Your Ticket to Healthy Travel: Understanding and Preventing Venous Risk

With the new year about to emerge in full swing, it would not be unusual for individuals and families across the nation to begin to plan ahead for their next vacation. After all, with the conclusion of 2020, who wouldn’t want to reinvigorate their life with new sights and sounds?

However, the process of travel in and of itself is not always kind to those experiencing venous reflux or disease. If you or a loved one are seeking to travel in the midst of venous treatment, here’s what you need to know:

The Hazard in Long Flights

“Blood clots, also called deep vein thrombosis (DVT), can be a serious risk for some long-distance travelers,” the Centers for Disease Control (CDC) has specified. “Most information about blood clots and long-distance travel comes from information that has been gathered about air travel. However, anyone traveling more than four hours, whether by air, car, bus, or train, can be at risk for blood clots.”

That being said, one of the reasons travelers may be at a greater risk of developing venous issues or DVT on airplanes is due to the change in pressure. One study performed in 2001 found that the decreased air pressure within an airplane cabin lowered passengers’ blood pressure, thereby also reducing the veins’ ability to carry out normal preventative measures for blood clotting.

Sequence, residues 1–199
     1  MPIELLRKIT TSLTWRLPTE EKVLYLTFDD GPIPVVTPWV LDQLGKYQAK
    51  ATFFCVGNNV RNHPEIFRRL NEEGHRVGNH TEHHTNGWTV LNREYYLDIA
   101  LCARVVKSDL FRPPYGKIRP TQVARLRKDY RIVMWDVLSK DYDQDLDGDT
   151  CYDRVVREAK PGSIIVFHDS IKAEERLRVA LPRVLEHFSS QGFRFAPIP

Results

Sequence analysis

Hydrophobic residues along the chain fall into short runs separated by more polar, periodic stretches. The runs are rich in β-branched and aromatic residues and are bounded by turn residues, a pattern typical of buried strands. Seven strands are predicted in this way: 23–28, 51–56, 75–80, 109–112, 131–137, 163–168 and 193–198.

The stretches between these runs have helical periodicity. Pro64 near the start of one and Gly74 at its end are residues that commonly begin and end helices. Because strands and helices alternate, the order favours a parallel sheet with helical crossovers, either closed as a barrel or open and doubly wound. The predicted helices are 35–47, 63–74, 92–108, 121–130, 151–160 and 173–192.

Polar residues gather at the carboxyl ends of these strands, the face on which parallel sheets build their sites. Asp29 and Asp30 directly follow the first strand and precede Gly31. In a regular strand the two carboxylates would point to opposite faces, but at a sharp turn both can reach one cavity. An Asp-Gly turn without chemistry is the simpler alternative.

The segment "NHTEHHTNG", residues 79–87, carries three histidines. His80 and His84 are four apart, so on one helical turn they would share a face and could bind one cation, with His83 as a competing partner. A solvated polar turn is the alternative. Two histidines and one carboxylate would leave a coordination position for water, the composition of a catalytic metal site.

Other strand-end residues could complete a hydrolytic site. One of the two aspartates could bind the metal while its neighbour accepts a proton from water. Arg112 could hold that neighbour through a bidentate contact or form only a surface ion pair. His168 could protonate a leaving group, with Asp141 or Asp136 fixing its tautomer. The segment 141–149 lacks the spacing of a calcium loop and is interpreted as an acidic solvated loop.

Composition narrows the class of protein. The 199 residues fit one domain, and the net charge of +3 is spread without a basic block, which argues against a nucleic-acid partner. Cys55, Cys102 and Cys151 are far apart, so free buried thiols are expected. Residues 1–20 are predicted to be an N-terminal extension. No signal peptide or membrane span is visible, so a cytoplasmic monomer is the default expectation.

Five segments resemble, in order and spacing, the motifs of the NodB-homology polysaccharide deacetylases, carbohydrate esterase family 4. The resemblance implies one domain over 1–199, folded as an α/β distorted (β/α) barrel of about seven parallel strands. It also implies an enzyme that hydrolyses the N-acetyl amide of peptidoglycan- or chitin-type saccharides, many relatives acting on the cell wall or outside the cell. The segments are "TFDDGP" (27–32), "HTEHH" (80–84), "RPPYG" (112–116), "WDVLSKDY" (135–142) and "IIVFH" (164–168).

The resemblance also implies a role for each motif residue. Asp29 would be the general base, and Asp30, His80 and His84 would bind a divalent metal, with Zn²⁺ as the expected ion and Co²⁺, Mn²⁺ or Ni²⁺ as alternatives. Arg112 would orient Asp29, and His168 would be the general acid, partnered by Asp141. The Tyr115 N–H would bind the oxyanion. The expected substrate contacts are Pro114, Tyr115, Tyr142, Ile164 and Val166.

Otherwise, by remaining seated in one position for prolonged periods of time, someone who is traveling — regardless of their mode of travel — may experience exacerbated pain and swelling in their extremities due to slower blood flow.

Mitigating and Managing Venous Complications

Thankfully, those planning on taking a trip several miles from home have plenty of options when it comes to both mitigating and managing their pain, as well as preventing DVT.

Specifically, the World Health Organization (WHO) suggests “moving around the cabin during long flights to reduce prolonged immobility […] A regular trip to the bathroom, for example, every 2–3 hours, is a reasonable measure.”

Passengers may also research the various methods of seated exercises and/or stretches they may perform to keep their blood moving, regardless of when they are able to once again stand and move.

We also recommend that travelers familiarize themselves with the signs of DVT, such as continued swelling of the arms or legs, redness or discoloration of the skin, skin that is hot to the touch, and more.

Seeking Certified Help

At the end of the day, understanding your personal venous risk, as well as having a travel plan in hand, is critical in ensuring one’s health during long periods of seated travel.

However, if you have yet to assess your current venous state, or if you have further questions about how best to treat and manage any existing symptoms, it’s time to reach out to Duval Vascular Center! Whatever your needs, your health is our priority. If you have further questions or would like to set up a FREE vein screening, please call our office at 904-518-1398!